3. Critical Mass is very unique sounding in a way that doesn’t really fit under one pre-defined genre. Can you tell us a bit about it?

I made the album in London, almost a year ago. So many things there influenced me, the diverse range of music, all the different people I’d meet at parties or university. I was also blazing way too much for my own good. I remember trying to make techno with ‘As Gods’ the first track on the album (mainly because it was the first track on it that I made), and it just came easily. I felt free to experiment with sounds, and didn’t feel limited between synthesis or using found sounds.




4. Walk us through your creative process on how you get a track down.

My process changes depending on what I’m working on. At the moment I start with getting a good kick/bass groove, otherwise I’d usually just start with a drum pattern. Many producers already have a stash of sounds they make during sound design sessions, but I prefer a hands-on approach where I make sounds especially for that track. I very rarely re-use sounds, and if I do, it’s because I just stumbled on them while looking for new sounds to inspire me. When I had my own studio in London I’d record a lot of my own sounds, performing random objects and processing them into something somewhere in between real and unreal. Now with less time on my hands I save sounds I find online while searching for sound design projects.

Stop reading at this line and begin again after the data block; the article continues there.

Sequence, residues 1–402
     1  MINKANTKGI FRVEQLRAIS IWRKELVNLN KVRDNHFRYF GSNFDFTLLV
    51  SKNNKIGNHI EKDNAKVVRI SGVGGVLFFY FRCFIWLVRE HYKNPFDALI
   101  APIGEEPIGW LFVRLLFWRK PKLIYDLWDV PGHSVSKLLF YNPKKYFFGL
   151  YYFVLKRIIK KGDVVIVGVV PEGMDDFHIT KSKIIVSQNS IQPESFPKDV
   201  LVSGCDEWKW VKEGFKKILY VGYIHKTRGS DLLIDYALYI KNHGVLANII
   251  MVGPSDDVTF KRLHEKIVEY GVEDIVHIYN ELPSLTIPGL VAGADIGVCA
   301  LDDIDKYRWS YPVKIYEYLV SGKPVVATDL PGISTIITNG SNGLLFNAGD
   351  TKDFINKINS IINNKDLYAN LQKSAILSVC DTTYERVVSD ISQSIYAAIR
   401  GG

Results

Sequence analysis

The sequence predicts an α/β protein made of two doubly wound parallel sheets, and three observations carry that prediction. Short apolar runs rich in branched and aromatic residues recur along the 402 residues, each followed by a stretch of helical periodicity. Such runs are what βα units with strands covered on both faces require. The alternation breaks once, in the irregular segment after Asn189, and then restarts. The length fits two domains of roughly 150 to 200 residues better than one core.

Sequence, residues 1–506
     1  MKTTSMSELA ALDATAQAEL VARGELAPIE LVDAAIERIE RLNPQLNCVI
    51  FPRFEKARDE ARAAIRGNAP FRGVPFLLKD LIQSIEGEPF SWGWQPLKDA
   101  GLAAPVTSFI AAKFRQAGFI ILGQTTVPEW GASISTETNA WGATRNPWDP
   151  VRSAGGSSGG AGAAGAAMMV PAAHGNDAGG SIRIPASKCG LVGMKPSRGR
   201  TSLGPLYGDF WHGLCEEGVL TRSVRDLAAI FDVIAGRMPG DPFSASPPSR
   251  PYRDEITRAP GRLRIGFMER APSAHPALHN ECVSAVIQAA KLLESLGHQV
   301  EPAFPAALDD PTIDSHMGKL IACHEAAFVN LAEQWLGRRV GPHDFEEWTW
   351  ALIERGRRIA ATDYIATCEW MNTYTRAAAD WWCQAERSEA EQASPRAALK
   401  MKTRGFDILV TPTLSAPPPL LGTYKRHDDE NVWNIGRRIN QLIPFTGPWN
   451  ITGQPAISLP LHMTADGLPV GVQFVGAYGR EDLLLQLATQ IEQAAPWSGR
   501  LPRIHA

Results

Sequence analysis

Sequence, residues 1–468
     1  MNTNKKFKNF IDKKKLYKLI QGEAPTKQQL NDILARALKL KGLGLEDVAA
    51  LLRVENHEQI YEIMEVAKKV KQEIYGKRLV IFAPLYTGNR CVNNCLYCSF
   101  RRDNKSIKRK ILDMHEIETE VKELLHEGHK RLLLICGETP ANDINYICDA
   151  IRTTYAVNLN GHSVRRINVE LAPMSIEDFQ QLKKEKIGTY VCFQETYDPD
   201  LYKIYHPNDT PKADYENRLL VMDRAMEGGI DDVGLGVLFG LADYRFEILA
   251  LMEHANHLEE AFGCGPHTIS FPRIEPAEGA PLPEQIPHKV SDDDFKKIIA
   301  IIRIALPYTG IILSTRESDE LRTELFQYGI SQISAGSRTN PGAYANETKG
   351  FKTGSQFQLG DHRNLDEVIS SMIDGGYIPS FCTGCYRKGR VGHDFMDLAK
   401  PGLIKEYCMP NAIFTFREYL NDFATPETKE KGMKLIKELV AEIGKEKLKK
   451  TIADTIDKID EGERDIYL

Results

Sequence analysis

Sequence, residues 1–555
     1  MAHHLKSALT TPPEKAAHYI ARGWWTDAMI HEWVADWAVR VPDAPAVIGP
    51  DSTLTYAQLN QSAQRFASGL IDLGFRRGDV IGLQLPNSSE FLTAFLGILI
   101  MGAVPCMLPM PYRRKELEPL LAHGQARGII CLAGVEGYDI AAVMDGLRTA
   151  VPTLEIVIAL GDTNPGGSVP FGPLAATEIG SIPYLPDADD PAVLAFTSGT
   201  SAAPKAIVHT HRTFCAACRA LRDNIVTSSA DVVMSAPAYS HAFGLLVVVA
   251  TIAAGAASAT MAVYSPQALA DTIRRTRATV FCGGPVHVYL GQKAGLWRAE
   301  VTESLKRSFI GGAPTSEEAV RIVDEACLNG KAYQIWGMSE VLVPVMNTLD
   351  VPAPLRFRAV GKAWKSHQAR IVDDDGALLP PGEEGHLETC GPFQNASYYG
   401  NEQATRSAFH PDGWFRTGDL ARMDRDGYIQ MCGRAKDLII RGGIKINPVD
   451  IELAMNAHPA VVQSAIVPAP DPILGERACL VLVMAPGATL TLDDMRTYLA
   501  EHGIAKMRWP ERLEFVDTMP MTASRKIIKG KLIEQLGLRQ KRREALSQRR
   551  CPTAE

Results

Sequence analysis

5. How is the experience of being a musician working between Lebanon and Dubai? The cool parts versus the challenges?